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Session Overview
G06: Tax Theory
Thursday, 19/Aug/2021:
4:00pm - 5:30pm

Session Chair: Thomas A. Gresik, University of Notre Dame
Discussant Paper 1: Simon Naitram, University of the West Indies
Discussant Paper 2: Eric Bond, Vanderbilt University
Discussant Paper 3: Mohammed Mardan, Norwegian School of Economics (NHH)
Discussant Paper 4: Shafik Hebous, IMF

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4:00pm - 4:22pm

What is the Optimal Minimum Tax?

Shafik Hebous1, Michael Keen2

1IMF, United States of America; 2IMF, United States of America

What is the optimal level of a minimum tax in a multi-country world? We extend two seminal models of tax competition—Zodrow and Mieszkowski (1986) and Kanbur and Keen (1993)—to study two notions of an optimal minimum tax: i) the Pareto level in a Nash tax competition; and ii) the revenue maximizing level. We show that under general conditions, the efficient minimum tax rate is above the lower of the Nash taxes. Under specific functional forms, we express the optimal minimum tax rate as a function of the Nash tax rate.

4:22pm - 4:45pm

The Corporate Income Tax is Inherently Benefit-Based

Simon Naitram1, Matthew Weinzierl2,3

1University of the West Indies; 2Harvard Business School; 3NBER

In this paper we examine the benefit characteristics of the corporate income tax. We examine the extent to which the incidence of the corporate tax burden aligns with the incidence of the public input benefits. Our paper uncovers a simple result: the mechanisms that determine the incidence of the corporate income tax are the same mechanisms that determine who benefits from the public input. This result implies that the corporate tax is inherently benefit-based. In cases where the benefits of the public input do not exactly offset the burden of the corporate tax, we characterise the net incidence of a combined increase in the public input funded by an increase in the corporate tax.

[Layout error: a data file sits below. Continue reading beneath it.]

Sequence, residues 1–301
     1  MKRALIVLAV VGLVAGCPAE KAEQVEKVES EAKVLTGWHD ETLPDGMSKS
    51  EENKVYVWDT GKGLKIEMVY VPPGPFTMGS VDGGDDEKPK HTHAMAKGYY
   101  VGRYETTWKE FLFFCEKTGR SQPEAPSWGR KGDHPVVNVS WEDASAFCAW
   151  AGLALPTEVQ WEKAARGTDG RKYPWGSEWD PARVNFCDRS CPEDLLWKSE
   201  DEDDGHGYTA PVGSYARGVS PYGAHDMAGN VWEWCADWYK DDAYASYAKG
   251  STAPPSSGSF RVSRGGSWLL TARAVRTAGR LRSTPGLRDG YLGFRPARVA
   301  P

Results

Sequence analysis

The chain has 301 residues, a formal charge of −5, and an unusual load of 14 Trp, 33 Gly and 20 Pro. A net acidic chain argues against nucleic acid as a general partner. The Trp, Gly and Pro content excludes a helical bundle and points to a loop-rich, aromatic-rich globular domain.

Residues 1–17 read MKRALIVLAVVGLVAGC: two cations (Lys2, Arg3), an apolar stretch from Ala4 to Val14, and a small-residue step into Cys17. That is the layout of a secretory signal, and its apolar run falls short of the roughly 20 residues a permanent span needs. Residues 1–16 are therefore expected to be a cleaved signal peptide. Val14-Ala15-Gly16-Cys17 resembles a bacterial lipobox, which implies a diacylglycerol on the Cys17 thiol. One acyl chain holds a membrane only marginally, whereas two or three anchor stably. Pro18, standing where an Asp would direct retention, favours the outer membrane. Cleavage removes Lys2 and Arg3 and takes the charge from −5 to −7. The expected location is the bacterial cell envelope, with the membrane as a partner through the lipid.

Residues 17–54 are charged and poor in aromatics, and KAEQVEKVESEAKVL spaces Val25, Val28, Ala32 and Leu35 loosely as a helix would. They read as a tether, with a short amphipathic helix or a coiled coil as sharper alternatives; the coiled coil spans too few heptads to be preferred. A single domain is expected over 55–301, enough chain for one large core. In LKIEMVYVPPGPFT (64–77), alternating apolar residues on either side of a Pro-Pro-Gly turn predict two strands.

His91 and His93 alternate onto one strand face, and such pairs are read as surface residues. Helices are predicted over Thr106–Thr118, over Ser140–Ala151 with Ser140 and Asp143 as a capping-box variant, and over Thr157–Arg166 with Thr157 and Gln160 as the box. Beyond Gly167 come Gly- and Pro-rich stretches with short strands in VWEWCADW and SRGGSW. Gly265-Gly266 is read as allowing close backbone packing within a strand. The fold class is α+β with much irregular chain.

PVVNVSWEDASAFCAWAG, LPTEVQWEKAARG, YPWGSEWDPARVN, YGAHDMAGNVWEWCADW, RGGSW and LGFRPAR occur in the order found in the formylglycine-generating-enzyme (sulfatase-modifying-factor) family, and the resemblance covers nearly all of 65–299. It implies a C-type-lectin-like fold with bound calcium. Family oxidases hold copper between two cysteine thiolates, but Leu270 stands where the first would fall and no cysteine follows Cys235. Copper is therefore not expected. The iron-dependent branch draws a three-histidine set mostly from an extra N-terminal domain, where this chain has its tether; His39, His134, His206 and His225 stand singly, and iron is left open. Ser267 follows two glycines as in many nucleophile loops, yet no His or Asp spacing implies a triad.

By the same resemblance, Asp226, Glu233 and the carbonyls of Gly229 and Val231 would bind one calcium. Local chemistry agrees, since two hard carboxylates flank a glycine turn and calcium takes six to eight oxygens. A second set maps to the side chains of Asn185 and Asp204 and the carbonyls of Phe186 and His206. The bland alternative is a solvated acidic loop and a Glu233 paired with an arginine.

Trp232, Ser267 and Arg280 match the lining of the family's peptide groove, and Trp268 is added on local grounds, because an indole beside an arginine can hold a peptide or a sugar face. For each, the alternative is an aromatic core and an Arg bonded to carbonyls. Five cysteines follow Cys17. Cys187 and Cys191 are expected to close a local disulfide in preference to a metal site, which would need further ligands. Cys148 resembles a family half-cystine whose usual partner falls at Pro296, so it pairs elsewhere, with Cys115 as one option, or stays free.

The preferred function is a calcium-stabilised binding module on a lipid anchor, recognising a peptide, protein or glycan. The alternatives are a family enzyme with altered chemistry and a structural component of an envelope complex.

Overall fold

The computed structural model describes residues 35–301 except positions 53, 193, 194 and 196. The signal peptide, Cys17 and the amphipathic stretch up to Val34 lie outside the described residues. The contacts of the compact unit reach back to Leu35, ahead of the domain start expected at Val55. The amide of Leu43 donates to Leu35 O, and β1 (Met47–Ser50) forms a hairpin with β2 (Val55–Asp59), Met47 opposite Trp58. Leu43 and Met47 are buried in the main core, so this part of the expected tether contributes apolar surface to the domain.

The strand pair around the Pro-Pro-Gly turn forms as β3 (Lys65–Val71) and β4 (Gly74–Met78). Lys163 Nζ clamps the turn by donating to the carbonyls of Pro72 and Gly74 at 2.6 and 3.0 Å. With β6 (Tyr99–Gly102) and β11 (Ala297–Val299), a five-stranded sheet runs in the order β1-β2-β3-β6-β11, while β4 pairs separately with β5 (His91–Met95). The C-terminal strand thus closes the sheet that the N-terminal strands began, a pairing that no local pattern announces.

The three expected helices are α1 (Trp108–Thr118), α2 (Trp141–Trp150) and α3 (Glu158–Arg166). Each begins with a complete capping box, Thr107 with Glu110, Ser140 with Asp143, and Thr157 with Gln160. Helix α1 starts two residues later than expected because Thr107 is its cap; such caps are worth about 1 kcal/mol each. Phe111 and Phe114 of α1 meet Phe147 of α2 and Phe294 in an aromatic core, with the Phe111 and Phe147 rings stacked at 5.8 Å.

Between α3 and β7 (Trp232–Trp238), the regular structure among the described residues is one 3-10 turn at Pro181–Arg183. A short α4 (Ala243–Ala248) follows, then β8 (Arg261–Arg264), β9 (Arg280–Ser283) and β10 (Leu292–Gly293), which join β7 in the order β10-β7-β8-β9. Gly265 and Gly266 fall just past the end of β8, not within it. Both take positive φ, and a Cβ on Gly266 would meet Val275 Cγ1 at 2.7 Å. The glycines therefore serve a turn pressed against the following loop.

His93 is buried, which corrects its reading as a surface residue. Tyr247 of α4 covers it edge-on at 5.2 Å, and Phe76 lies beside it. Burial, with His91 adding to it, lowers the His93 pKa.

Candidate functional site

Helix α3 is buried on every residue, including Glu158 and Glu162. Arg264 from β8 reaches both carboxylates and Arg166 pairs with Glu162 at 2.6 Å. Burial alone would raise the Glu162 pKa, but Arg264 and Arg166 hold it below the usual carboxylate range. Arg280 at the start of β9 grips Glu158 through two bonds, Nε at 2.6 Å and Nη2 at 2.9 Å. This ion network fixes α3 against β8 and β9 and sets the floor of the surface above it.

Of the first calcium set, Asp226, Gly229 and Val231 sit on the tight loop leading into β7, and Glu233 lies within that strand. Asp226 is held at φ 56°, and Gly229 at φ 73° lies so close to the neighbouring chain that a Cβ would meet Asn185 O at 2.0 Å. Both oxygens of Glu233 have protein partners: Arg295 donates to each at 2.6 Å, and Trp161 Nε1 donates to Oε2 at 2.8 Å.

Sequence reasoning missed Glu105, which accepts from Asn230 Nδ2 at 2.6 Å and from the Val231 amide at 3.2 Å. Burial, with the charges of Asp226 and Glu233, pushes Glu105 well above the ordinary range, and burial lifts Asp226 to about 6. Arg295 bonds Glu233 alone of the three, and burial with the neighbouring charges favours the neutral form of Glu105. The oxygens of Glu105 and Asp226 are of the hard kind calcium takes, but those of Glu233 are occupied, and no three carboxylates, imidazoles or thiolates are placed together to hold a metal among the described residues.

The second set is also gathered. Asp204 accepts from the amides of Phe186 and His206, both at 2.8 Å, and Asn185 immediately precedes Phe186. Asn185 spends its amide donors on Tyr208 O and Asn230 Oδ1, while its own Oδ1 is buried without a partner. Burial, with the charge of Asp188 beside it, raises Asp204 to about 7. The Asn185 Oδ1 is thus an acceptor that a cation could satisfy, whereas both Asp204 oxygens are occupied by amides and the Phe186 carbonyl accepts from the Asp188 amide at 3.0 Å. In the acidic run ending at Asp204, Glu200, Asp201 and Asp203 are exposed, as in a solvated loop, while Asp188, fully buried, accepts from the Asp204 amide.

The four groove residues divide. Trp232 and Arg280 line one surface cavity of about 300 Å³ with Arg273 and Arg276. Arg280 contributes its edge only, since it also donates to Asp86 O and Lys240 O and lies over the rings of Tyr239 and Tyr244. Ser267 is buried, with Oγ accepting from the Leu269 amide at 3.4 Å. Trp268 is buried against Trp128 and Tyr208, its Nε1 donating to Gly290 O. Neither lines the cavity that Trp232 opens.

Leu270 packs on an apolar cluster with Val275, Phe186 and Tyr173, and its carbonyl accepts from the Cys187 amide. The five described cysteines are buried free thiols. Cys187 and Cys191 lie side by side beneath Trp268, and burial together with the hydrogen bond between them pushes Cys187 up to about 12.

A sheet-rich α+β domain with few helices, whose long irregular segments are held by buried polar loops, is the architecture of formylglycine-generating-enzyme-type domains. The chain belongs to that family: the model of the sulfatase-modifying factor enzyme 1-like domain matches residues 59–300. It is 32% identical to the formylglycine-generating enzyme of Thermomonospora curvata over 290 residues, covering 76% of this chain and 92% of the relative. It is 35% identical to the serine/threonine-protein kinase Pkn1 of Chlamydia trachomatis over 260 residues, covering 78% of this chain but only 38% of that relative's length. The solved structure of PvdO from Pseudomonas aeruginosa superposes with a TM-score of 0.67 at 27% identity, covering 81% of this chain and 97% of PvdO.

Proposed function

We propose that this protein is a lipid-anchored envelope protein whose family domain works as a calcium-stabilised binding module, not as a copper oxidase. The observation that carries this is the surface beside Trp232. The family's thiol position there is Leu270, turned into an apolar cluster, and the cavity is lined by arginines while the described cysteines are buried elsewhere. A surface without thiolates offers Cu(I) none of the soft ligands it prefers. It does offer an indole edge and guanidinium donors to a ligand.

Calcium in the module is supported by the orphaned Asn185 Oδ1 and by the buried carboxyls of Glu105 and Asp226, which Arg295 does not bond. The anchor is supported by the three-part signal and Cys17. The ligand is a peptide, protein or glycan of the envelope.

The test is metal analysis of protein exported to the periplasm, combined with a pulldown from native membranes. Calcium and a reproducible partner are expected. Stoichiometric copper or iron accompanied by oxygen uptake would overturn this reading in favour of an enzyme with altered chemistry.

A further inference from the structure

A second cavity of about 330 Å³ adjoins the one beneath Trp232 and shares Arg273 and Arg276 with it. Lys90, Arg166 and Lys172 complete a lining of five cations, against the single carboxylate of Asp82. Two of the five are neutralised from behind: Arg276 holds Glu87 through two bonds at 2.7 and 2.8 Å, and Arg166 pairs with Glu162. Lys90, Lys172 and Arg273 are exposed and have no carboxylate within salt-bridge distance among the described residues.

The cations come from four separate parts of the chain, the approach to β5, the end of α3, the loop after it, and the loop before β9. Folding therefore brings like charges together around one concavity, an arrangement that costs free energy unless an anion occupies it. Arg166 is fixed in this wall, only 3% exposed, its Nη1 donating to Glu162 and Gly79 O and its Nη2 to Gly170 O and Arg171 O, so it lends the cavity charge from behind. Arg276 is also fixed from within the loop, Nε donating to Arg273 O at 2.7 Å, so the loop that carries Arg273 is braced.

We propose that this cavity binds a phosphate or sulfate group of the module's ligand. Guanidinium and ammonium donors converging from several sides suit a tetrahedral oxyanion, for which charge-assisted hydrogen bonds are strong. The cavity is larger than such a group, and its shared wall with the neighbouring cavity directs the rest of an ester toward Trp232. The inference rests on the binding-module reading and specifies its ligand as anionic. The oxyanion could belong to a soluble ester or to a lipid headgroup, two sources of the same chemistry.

Naitram-The Corporate Income Tax is Inherently Benefit-Based-345.pdf

4:45pm - 5:07pm

Can Destination-Based Cash Flow Taxes Arise in Equilibrium?

Eric Bond1, Thomas Gresik2

1Vanderbilt University, United States of America; 2Notre Dame, United States of America

We examine the effects of unilateral changes in a country's tax parameters in a two country model when both countries are part of a destination-based cash flow taxation (DBCFT) system. We consider deviations from a globally efficient DBCFT equilibrium by allowing each country to vary its corporate tax rate, degree of taxation of capital income, and level of border adjustment. We decompose the effect of policy changes into fiscal effects and price effects, and show that regardless of the similarity between the two countries, at least one country has an incentive to move toward taxation of capital income. If countries are identical, each has an incentive to move toward source-based taxation. In contrast, changes in corporate tax rates have neither fiscal or price effects, and thus can be set unilaterally. Our results shows the commitment mechanisms required to sustain multilateral DBCFT.

Bond-Can Destination-Based Cash Flow Taxes Arise in Equilibrium-115.pdf

5:07pm - 5:30pm

Playing Easy or Playing Hard To Get: When and How to Attract FDI

Thomas A. Gresik1, Dirk Schindler2, Guttorm Schjelderup3

1University of Notre Dame, United States of America; 2Erasmus School of Economics, The Netherlands; 3Norwegian School of Economics, Norway

We study the link between a country's institutional quality in tax collection and its optimal corporate tax policies in a model of heterogeneous multinationals that can shift income using both debt and transfer prices. Countries with weak institutional quality can be made worse off adopting policies that attract FDI as the benefits from higher wages and production are more than offset by tax base erosion. Countries with moderate institutional quality can gain from under-utilizing their ability to collect taxes, since the benefit of attracting more FDI outstrips the benefit of increased tax revenue. Countries with very strong institutions benefit from FDI and should utilize their full ability to collect taxes.

Gresik-Playing Easy or Playing Hard To Get-117.pdf

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